Research
Print page Print page
Switch language
The Capital Region of Denmark - a part of Copenhagen University Hospital
Published

Long-Term Cardiac Function After Peripartum Cardiomyopathy and Preeclampsia: A Danish Nationwide, Clinical Follow-Up Study Using Maximal Exercise Testing and Cardiac Magnetic Resonance Imaging

Research output: Contribution to journalJournal articleResearchpeer-review

DOI

  1. Cardiovascular Manifestations of Systemic Sclerosis: A Danish Nationwide Cohort Study

    Research output: Contribution to journalJournal articleResearchpeer-review

  2. Association Between Long-Term Exposure to Wind Turbine Noise and the Risk of Stroke: Data From the Danish Nurse Cohort

    Research output: Contribution to journalJournal articleResearchpeer-review

  1. Duration of Heart Failure and Effect of Defibrillator Implantation in Patients With Nonischemic Systolic Heart Failure

    Research output: Contribution to journalJournal articleResearchpeer-review

  2. Mortality and morbidity of major congenital heart disease related to general prenatal screening for malformations

    Research output: Contribution to journalJournal articleResearchpeer-review

  3. Genome-wide association study of circulating levels of glucagon during an oral glucose tolerance test

    Research output: Contribution to journalConference abstract in journalResearchpeer-review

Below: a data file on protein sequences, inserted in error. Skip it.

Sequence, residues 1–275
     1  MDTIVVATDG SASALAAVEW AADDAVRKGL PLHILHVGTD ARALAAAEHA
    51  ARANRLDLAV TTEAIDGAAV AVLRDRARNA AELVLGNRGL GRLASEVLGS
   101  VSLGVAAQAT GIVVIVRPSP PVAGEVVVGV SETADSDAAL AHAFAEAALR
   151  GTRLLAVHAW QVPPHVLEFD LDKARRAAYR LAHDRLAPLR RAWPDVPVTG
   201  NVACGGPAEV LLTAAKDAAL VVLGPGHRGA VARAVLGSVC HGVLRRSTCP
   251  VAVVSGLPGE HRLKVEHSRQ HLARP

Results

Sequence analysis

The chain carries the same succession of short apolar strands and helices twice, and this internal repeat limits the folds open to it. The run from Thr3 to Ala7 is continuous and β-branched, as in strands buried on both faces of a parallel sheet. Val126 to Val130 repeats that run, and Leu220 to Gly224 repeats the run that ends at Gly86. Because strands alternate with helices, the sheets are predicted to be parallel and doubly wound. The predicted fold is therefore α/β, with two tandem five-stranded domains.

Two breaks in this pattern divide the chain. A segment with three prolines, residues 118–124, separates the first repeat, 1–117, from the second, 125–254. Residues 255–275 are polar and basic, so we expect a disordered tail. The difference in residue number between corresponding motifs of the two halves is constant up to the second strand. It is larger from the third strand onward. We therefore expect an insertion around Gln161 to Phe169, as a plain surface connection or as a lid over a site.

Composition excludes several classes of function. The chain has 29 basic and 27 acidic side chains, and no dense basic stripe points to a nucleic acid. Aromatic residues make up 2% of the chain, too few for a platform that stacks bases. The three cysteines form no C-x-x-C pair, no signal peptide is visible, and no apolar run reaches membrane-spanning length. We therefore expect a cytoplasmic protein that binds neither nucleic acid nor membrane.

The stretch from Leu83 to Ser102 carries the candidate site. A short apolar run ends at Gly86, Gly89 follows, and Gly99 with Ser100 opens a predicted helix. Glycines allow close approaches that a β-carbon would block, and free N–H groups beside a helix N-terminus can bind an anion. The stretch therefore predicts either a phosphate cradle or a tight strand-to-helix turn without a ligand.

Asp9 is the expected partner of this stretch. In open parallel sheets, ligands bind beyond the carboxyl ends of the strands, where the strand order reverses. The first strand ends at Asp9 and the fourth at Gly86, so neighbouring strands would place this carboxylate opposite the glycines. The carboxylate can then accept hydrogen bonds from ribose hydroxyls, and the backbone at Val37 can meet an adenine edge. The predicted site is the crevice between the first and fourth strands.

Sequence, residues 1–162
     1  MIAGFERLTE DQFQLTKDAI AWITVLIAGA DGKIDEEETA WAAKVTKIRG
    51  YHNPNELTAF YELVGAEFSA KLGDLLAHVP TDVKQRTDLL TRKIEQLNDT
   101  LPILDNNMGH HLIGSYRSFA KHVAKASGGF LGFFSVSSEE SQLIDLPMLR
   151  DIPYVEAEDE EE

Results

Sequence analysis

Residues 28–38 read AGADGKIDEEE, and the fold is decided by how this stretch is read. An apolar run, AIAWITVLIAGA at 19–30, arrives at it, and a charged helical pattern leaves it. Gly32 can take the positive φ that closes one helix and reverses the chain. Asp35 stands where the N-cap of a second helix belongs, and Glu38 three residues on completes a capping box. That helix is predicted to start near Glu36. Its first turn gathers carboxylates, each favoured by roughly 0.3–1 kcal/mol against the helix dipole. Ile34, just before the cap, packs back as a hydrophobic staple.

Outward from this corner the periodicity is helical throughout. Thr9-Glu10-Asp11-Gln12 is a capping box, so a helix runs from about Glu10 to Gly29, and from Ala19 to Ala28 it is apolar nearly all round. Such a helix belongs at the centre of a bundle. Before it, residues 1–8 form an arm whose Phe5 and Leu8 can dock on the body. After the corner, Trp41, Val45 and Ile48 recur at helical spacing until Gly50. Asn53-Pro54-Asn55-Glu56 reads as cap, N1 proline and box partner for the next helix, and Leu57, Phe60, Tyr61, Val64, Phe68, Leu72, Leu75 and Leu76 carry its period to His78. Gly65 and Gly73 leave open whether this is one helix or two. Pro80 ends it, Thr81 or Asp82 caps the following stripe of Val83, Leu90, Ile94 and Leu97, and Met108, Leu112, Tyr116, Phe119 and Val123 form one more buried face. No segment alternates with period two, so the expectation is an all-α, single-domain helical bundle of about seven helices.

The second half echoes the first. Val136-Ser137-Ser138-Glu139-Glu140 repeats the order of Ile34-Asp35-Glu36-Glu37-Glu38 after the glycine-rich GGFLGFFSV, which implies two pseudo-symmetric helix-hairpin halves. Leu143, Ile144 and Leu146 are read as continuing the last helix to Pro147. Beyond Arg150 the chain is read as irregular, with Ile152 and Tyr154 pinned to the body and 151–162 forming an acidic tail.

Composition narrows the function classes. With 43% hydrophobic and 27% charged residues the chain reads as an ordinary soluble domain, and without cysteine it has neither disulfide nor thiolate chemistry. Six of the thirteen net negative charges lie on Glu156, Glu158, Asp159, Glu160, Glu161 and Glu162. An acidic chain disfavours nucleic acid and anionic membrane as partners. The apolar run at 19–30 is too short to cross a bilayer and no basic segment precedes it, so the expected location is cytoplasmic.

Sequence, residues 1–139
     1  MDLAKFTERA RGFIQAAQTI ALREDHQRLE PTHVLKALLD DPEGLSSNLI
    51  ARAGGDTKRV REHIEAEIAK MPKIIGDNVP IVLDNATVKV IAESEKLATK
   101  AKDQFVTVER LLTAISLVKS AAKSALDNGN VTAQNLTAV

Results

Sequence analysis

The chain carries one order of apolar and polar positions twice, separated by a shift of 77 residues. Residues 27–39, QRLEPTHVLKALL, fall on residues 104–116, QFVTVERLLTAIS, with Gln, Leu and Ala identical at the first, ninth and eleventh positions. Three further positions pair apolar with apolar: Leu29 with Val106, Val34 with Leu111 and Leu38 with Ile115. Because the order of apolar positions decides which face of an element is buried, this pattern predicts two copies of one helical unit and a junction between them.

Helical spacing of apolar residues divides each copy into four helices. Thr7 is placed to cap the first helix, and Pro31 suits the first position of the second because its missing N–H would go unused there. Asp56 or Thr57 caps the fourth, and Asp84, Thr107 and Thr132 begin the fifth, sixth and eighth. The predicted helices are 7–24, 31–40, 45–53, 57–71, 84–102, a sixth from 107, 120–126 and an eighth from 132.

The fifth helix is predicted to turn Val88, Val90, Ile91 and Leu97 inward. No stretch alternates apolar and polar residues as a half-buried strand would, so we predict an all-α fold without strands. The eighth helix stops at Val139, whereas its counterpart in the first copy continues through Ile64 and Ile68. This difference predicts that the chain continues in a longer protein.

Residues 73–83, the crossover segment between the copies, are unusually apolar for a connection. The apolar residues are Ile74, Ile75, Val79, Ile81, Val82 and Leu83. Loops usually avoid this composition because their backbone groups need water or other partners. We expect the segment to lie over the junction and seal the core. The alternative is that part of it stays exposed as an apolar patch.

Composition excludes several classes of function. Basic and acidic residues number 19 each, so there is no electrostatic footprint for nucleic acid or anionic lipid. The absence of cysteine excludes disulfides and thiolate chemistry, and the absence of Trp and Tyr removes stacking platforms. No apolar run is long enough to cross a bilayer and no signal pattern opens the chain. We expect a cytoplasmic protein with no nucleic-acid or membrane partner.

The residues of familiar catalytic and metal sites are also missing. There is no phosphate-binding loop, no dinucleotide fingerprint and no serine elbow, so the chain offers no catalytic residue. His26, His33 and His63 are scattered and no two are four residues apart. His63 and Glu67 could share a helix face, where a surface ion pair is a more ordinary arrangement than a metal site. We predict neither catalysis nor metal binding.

4. 2019 EACTS Expert Consensus on long-term mechanical circulatory support

    Research output: Contribution to journalJournal articleResearchpeer-review

View graph of relations

Background Long-term clinical studies of peripartum cardiomyopathy ( PPCM ) are few. We aimed to measure the long-term effect of PPCM on cardiac function in comparison with the long-term effects of severe preeclampsia and uncomplicated pregnancy. Methods and Results A nationwide Danish cohort of women diagnosed with PPCM from 2005 to 2014 ( PPCM group) were invited to participate in a clinical follow-up study including maximal cardiopulmonary exercise testing and cardiac magnetic resonance imaging. Matched women with previous severe preeclampsia (preeclampsia group) and previous uncomplicated pregnancies (uncomplicated pregnancies group) served as comparison groups. A total of 84 women with 28 in each group participated. Median time to follow-up after PPCM was 91 months. Most women (85%) in the PPCM group reported no symptoms of heart failure. Mean left ventricular ejection fraction in the PPCM group was normal at 62%, but significantly lower than in the preeclampsia group and the uncomplicated pregnancies group where mean left ventricular ejection fraction was 69% and 67%, respectively ( P<0.0001). Women in the PPCM group also had impaired diastolic function with reduced left ventricular peak filling rate, left atrial passive emptying volume, and left atrial passive emptying fraction. Maximal exercise capacity (peak VO 2) was also reduced in the PPCM group compared with the preeclampsia group and the uncomplicated pregnancies group, and PPCM , high body mass index, and low left ventricular ejection fraction independently predicted reduced peak VO 2. Only 1 woman with PPCM had late gadolinium enhancement. Conclusions Women generally recovered left ventricular ejection fraction and were asymptomatic 7 years after PPCM , but had subtle diastolic dysfunction on cardiac magnetic resonance imaging and reduced peak VO 2. Focal myocardial fibrosis assessed with late gadolinium enhancement was, however, uncommon.

Original languageEnglish
JournalJournal of the American Heart Association
Volume7
Issue number20
Pages (from-to)e008991
ISSN2047-9980
DOIs
Publication statusPublished - 16 Oct 2018

ID: 56235581